Safin admitted that he had not expected to beat Djokovic
Russian Marat Safin caused a sensational upset by knocking out world number three Novak Djokovic in the second round at Wimbledon.
The former world number one overpowered Djokovic 6-4 7-6 (7-3) 6-2 to leave the Centre Court crowd stunned.
Safin has often expressed his frustration at playing on grass but it was Djokovic who appeared to be rattled by the blustery conditions.
The Serb delivered 10 double faults, the last on match point.
Safin told BBC Sport: "It was a great match and I still feel a bit nervous as I have not won such a match in a long time.
"I had to play really well, concentrate from the beginning and be with him game by game.
Safin has his ups and downs and he's known for his mental instability - but he's still a great player
"I had to take my opportunities as he was under pressure fighting for the world number one spot so he has to win matches. From me no-one expects anything."
Safin later admitted that he already booked himself on a flight to Moscow on Wednesday evening but he must now prepare himself for a third-round match against Italian Andreas Seppi.
"I hadn't looked at the draw because I saw I had Djokovic in the second round, but now I will have to check. The way I am playing right now I can go far but it must be step by step," added the Russian.
Safin's win could also be a boost for world number one Roger Federer, who was seeded to meet Djokovic in the semi-finals.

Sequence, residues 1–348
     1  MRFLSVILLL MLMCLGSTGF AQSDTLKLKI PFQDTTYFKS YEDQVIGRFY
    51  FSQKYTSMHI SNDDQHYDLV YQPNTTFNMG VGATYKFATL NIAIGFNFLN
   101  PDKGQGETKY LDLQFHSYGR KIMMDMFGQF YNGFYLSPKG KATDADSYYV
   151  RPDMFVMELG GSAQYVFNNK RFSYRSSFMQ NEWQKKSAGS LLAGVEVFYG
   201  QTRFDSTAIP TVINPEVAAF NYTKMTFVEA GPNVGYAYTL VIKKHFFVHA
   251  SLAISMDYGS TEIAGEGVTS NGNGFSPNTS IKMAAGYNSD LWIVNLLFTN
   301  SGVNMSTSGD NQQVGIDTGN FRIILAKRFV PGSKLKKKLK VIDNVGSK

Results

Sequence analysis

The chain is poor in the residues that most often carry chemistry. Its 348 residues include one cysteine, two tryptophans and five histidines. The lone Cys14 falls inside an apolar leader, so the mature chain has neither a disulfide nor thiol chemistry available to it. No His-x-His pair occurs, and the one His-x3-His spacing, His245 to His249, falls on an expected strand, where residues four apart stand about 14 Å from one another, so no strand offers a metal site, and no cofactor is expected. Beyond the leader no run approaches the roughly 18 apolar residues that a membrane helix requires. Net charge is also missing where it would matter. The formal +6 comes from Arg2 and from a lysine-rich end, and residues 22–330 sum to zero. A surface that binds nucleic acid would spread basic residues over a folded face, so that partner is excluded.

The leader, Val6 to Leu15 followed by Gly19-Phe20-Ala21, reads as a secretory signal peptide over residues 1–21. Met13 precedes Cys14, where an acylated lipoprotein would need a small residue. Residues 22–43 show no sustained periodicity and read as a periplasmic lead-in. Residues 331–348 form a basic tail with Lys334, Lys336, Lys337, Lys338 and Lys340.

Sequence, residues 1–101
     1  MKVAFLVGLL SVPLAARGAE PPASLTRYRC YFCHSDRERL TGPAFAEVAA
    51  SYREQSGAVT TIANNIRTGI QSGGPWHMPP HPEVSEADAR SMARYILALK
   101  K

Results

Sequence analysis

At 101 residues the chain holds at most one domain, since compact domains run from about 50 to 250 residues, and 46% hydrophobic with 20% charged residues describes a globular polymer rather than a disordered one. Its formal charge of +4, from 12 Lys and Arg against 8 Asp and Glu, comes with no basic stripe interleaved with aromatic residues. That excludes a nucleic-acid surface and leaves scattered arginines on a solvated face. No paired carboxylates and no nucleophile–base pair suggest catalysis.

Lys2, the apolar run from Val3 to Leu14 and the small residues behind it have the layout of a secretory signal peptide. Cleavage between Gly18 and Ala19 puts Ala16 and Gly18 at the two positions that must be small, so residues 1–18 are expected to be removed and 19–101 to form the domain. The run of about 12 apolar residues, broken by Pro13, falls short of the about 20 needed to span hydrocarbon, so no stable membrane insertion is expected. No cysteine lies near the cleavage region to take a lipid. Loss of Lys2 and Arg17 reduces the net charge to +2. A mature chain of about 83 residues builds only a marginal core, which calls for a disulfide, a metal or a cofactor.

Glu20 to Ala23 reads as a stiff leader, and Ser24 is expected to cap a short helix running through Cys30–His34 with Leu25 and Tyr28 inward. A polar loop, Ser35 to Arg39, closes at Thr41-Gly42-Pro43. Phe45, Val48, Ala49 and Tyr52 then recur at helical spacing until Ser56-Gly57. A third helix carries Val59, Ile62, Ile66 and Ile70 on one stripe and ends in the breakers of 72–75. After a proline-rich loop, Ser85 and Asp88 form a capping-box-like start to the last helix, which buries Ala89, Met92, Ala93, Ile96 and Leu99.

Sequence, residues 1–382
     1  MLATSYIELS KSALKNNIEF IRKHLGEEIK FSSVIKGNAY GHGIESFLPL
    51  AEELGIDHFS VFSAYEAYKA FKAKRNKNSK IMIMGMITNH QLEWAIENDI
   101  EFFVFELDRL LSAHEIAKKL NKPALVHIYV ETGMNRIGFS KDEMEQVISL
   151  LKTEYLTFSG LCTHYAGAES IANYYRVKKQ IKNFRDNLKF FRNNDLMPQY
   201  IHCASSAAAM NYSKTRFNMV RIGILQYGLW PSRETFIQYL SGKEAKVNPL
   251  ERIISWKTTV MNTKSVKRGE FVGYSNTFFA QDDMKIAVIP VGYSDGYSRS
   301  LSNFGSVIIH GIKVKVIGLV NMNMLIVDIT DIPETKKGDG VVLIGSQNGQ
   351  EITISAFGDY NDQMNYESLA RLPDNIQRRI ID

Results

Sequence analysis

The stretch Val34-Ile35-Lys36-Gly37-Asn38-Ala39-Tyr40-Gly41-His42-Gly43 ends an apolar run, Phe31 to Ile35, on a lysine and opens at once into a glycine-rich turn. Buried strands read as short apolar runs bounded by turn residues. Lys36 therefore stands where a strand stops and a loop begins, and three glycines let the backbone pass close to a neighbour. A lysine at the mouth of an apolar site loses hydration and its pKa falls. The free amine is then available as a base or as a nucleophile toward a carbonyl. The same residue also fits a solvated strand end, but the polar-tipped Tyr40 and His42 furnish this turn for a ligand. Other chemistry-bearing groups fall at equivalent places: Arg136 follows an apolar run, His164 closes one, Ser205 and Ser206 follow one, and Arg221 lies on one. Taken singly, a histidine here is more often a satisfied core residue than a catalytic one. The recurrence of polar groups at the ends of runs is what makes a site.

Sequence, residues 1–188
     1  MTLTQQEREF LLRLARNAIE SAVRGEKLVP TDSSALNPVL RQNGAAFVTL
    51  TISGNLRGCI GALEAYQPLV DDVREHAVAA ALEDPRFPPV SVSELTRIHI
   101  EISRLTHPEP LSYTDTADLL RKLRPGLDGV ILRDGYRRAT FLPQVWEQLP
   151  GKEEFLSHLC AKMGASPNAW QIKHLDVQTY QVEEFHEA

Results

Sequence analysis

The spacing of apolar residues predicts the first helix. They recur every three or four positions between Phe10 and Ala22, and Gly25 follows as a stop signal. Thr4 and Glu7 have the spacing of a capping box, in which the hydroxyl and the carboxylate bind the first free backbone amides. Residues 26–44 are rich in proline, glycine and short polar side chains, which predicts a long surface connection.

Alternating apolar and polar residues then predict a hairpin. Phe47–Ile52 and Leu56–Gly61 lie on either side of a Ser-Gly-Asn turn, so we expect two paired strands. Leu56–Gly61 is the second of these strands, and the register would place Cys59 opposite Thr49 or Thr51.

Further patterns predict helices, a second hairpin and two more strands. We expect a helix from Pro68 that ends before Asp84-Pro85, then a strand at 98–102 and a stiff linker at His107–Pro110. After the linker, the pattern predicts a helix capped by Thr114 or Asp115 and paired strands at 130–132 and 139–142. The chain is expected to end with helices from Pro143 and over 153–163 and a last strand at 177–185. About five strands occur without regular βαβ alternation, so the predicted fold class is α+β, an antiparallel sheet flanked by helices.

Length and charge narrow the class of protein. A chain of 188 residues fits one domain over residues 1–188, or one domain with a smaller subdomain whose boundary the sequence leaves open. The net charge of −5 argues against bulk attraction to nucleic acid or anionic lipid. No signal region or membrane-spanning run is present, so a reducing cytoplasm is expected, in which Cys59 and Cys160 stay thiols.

Australian Open champion Djokovic had been talked about as one of three title contenders, along with Federer and Rafael Nadal.
However, the 21-year-old was completely out of sorts on Wednesday.
I had a bad day at the office - Djokovic
"It was certainly a very bad day for me," he admitted.
"I think being on Centre Court motivated him and he was mentally there today - the opposite of me. I didn't do anything to hurt him, no angles no precision. I was very up and down.
"I'm tired mentally. It's been a long season. He was just better than me. That's it."
Safin, a two-times Grand Slam champion, has seen his ranking slump to 75 through a combination of injuries and inconsistent form but he was at his brutal best on Wednesday.
"The courts have been getting slower and slower at Wimbledon. Now you can play from the baseline without even getting close to the net," said the 28-year-old.
"I had to serve well and stay with him, but he didn't impress me with his game today."
Djokovic had to save three break points in the opening game and that set the tone for a strangely lacklustre display.
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